Yet international news is still hot. Big media corporations are still, thankfully, spending money on real journalists who risk a lot to tell the world about nuclear meltdown zones in Japan, tsunami-stricken countries, political unrest everywhere (except, sadly, Africa), and war-ravaged regions.
As long as the U.S. is at war anywhere, there will always be media money for coverage. As a former foreign correspondent, I might argue with ways and means of that reporting, but at least we still get seasoned, well-informed journalists delivering real reports, online, on-air and in print. (Don’t get me started on underpaid, uninsured freelancers covering war zones for wealthy media owners!)
Despite the closing of international bureaus everywhere, there is still a craving for news from North Korea, Afghanistan, Syria, and more. Witness the Arab Spring and its social media coverage, especially. Witness the popularity of Al Jazeera in the West.
We, the people, still want accurate, fair, and responsible reporting. An intern embedded with troops in Afghanistan will deliver one type of coverage, NBC’s Richard Engel will deliver another. My friend and I agree on which is more valuable, but we don’t argue on the necessity of honest news-gathering.
With the death of Time magazine, I imagine my friend will have more fodder for his arguments about the end of journalism.
As a blogger and online publisher, I always counter that journalism is thriving — the old-school media model isn’t keeping pace.
Wall St. is celebrating the reworking of TIME magazine, however that shakes out, so the embrace of digital media continues, despite its threat of fewer ads and lower wages for journalists.
Celebrating David Wood’s coverage of war-wounded
“No one makes money online,” an American editor complained to me recently.
Guess he forgot that Huffington Post sold for more than $300 million or perhaps he didn’t care that the often-maligned online publication won a Pulitzer Prize last year for David Wood’s excellent coverage of war-wounded. Wood is an old-school journalist showing how real reporting is still celebrated by online readers, and journalism peers.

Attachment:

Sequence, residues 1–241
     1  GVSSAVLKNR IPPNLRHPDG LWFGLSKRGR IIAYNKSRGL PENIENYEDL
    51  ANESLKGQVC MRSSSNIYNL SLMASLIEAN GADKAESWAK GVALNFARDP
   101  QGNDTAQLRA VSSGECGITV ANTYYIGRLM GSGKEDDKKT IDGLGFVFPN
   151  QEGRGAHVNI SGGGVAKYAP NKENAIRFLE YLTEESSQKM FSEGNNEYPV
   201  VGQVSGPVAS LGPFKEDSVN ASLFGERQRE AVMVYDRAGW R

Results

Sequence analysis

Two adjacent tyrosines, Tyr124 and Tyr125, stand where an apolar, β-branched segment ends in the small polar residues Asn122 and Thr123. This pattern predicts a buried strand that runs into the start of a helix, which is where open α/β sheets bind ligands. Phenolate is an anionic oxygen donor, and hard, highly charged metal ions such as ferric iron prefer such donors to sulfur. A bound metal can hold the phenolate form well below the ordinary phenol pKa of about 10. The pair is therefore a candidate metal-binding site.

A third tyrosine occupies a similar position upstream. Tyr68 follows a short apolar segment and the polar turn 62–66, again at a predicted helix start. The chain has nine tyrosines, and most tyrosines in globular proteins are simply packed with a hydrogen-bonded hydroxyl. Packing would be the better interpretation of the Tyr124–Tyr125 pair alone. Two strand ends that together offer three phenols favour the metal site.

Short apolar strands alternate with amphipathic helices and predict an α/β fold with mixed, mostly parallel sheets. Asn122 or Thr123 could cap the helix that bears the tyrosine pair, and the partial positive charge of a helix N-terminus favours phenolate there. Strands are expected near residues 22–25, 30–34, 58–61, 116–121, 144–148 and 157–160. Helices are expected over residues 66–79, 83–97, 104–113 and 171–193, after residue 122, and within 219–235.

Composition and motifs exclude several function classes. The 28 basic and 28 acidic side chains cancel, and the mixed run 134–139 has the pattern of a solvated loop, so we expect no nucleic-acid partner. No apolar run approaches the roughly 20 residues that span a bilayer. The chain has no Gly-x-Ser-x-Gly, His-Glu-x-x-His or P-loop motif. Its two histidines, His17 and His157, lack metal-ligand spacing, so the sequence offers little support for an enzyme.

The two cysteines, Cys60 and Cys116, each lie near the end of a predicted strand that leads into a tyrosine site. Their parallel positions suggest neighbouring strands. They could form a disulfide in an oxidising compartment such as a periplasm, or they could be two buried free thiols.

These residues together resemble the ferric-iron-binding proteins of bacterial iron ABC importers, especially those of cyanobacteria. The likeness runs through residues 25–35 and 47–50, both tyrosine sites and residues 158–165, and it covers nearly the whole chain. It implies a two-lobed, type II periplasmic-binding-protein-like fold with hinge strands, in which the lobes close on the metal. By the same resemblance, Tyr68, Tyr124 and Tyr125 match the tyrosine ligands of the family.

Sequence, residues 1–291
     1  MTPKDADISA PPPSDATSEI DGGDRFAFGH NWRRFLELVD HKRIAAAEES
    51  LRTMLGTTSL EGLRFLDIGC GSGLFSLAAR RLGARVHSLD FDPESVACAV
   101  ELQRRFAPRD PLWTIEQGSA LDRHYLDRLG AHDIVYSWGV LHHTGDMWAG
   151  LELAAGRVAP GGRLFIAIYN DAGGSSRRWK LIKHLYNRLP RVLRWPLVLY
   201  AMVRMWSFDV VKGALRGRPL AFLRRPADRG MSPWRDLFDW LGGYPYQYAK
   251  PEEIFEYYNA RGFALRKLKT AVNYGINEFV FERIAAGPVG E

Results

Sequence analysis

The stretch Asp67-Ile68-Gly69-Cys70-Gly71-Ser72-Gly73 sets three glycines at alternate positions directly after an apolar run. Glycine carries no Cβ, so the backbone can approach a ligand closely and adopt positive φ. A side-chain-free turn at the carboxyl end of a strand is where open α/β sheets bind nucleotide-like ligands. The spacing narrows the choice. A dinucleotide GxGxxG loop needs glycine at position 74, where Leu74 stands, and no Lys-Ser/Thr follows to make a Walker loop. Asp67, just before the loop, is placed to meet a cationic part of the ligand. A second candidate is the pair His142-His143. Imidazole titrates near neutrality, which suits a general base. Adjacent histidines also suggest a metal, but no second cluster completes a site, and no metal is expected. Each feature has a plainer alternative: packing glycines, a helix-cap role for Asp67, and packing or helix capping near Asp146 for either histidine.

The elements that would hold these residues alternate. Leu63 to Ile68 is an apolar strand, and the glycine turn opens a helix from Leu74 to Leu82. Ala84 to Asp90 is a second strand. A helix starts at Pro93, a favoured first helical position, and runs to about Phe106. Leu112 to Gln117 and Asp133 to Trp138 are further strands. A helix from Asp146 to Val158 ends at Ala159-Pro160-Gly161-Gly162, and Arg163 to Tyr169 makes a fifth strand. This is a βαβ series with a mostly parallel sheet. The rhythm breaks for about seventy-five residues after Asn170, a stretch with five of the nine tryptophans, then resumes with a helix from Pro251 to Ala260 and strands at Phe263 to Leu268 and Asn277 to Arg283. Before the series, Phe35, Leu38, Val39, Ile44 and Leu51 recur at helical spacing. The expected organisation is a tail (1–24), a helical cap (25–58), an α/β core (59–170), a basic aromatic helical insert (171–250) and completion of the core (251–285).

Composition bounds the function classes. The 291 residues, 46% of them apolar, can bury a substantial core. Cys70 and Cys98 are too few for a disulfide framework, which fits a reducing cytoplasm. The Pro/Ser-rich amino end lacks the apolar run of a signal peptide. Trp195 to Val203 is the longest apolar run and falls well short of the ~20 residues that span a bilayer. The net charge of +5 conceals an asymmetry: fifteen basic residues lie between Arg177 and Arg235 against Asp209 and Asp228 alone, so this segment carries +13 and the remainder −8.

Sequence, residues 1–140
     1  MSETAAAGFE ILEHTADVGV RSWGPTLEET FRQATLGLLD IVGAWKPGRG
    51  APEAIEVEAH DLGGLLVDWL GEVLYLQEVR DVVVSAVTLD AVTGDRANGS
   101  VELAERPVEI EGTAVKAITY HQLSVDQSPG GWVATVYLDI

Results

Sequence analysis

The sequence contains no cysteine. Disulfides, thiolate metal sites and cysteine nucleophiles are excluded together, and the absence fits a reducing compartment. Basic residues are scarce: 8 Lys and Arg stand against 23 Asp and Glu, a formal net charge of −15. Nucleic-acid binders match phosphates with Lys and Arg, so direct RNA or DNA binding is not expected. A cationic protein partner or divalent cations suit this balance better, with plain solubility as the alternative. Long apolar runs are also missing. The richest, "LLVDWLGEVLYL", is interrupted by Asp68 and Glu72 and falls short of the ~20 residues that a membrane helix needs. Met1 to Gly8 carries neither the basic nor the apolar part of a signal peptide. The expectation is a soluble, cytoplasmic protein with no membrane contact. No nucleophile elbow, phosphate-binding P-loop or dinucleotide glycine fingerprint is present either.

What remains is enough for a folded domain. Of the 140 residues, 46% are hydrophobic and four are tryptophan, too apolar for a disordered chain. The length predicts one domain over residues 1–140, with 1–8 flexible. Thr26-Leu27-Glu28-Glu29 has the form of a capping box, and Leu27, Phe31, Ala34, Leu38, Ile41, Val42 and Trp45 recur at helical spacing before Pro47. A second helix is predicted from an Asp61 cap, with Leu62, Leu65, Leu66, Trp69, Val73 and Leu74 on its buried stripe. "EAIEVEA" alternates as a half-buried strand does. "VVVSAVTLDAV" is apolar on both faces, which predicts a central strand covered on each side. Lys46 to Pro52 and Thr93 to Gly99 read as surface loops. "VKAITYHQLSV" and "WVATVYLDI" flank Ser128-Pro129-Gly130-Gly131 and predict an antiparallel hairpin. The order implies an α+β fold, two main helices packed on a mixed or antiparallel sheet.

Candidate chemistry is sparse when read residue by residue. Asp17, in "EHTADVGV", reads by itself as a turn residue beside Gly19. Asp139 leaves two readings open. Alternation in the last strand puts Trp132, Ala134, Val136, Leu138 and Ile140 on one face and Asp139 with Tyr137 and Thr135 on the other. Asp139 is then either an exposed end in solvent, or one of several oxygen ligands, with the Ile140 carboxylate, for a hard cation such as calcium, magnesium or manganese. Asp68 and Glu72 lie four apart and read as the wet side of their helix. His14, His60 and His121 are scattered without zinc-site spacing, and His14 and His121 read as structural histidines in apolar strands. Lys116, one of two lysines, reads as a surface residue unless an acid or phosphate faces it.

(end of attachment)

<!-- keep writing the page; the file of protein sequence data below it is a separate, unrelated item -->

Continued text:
As a rehabilitation counselor who specializes in working with Afghanistan and Iraq war returnees, I am grateful for Wood’s courage. The publication of his 10-part series gives me hope, not only for journalism but for public responsibility for veterans’ long-term care.
(Did Huffington Post sell any more ads to justify its publication of that series? Do we care?)
I haven’t met Wood. I don’t know if he makes the same money or has the same benefits as he did at past jobs in journalism. But I celebrate his work as an example of how journalism is still accomplishing its best — informing and provoking readers in the name of social justice — in a business model that still confounds old media giants.
When anyone suggests journalism is lagging, I point to the Orange County Register and its hiring of dozens of new reporters, especially for investigative journalism.
(Ask The Star if investigative journalism sells, in print and online. Old-fashioned reporting, the kind that demands professional research and writing — the honest stuff — explains why journalists and photographers there continue to win so many national and international awards. Follow Olivia Ward‘s career, for proof.)
As someone with fingers still in digital and print journalism, I suggest that Aaron Kushner’s scheme for appealing to subscribers first (gotta’ love American idealism) is a business model that other media giants should heed.
Foreign Affairs and all the U.S. magazines worth reading are still finding their way in a digital world, but I challenge my friend to read a single issue and continue to pronounce the death of journalism.
Two words today to prove public demand for professional reporting: North Korea.
I’m grateful for our ongoing, often very heated, debates about the death of journalism. Don’t imagine that I’ll be convinced.